Latest on Negotiations, 1 March 2020
After more than a week of daily negotiations, Monday 2nd March marks an important test for the USS trustees. It’s the first look our negotiators will get at USS’s draft ‘discussion document’, which lays out their plans for the 2020 valuation. ‘It’s hard to overstate how important this could be’, reports UCU negotiator Sam Marsh; ‘have they had proper reflection and a rethink or is it same old, same old?’ It’s yet another chance for our employers, too, to make clear they won’t accept anything less than a systematic rethink of the faulty valuation methodology, and the implementation of the JEP’s recommendations in full.
While it makes sense for employers to support a long-term resolution to this dispute, we’re worried that, given the slightest chance, they’ll pay as little attention to these recommendations as they did when the JEP’s first report came out. We need to keep them focused on resolving this problem by staying strong on the pickets. And we need to challenge them on why they don’t think their staff deserve more. Last Thursday, our Vice Chancellor, Stephen Toope, yet again refused to make a public statement of the University’s position on either dispute. That’s not good enough. He needs to step up and show some leadership here, by reassuring us he’s working on our behalf, and extending us his public support. If you haven’t already, why not write to him asking why he won’t commit publicly to backing his staff: his email address is VCOEnquiries@admin.cam.ac.uk.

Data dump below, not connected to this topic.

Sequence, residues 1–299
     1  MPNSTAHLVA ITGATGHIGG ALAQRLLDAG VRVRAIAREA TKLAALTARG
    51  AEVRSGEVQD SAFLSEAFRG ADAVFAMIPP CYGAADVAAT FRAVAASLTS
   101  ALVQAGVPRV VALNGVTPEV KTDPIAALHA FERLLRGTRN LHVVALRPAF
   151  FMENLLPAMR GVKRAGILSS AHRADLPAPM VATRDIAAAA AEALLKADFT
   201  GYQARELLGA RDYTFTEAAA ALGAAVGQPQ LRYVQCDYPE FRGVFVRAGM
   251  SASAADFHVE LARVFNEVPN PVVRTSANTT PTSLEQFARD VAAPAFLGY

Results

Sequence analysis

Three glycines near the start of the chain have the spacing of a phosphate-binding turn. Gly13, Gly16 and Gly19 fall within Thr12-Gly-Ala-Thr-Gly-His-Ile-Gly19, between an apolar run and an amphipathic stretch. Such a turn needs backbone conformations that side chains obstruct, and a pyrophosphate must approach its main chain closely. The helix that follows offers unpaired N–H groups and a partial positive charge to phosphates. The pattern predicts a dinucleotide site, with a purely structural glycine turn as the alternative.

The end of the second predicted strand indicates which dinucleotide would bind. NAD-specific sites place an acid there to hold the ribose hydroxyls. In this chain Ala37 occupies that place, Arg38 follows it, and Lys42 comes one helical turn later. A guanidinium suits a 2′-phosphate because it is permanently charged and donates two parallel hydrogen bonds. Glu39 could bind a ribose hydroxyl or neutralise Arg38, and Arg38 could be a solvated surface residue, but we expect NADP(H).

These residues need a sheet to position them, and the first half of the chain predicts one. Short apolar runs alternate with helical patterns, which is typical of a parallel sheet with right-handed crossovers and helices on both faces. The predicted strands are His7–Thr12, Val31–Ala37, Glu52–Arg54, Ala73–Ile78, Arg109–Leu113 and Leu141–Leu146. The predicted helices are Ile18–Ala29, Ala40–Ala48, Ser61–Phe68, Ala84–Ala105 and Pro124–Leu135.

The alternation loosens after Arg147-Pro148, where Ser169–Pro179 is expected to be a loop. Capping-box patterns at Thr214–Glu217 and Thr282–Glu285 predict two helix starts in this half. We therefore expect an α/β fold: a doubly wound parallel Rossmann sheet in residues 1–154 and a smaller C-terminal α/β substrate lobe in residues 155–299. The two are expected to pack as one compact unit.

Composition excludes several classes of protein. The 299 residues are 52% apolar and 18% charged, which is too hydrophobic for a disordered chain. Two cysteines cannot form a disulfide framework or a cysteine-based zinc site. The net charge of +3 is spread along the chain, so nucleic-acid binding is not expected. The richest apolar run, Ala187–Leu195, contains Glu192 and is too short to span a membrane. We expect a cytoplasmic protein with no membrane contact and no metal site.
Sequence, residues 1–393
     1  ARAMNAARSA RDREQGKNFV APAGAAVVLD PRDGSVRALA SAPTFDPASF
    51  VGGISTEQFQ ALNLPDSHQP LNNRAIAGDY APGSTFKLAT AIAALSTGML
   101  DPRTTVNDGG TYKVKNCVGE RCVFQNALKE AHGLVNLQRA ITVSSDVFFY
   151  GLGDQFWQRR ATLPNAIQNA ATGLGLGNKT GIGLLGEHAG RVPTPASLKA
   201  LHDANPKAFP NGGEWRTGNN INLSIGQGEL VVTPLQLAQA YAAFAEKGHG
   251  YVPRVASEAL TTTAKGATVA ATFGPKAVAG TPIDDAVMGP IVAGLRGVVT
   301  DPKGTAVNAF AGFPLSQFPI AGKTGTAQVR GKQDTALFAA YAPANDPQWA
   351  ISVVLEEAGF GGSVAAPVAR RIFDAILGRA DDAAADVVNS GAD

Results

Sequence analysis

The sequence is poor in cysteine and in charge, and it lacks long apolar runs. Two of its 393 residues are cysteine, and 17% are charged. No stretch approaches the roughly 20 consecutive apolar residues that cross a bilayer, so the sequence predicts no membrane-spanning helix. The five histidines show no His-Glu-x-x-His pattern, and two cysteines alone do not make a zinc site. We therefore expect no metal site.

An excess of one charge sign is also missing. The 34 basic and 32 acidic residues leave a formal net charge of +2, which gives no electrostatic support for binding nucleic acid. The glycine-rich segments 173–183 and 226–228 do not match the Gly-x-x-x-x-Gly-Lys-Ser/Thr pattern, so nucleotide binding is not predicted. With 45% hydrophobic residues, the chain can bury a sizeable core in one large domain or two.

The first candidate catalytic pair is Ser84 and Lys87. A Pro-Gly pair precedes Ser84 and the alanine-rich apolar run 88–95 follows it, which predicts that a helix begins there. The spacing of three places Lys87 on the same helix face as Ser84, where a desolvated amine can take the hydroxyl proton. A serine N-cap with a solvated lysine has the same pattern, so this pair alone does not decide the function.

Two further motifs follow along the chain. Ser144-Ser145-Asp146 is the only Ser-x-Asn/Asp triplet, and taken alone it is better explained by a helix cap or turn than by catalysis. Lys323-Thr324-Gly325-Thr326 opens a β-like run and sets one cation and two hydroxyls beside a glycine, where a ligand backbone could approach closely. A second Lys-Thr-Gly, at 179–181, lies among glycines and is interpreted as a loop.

Over the past week, talks have been continuing with UCEA, the employers’ representatives in the Four Fights dispute. Discussions are still in a ‘without prejudice’ stage: that means we don’t know exactly what’s being discussed, but it does indicate that things might be shifting, as our negotiators stretch out the limits of what our employers are prepared to offer. And the pace is speeding up: UCEA have asked for further negotiations with UCU on Tuesday afternoon, to continue working on a deal they once said was their final offer.
We could see some movement over the next week, and if we do, this page will be updated as soon as possible. But if you’ve got questions about how negotiations are going, and where we are at the moment, make sure you come to our meeting with Vicky Blake, UCU President-Elect and negotiator in the Four Fights, on Thursday 5 March, 13.00, in Great St Mary’s.
Update on USS, 19 February 2020
News is back from the recent UUK consultation. In total, 111 employers stated their position. 84% of them held their position, and refused to make UCU a better offer on pension contributions. The rest supported some kind of offer to pick up the bill for contributions currently being covered by individual members of the scheme.
This is deeply disappointing news, but not entirely unexpected. Jo Grady reports that, throughout the negotiations, it’s become clear that ‘the stubbornness of Universities UK is largely down to a few influential employers – including some of the wealthiest institutions in the sector. This is not about affordability – it is about a group of employers that are ideologically fixated on minimising their commitments to their staff’. The message they’re sending is clear: Universities just don’t care about their staff.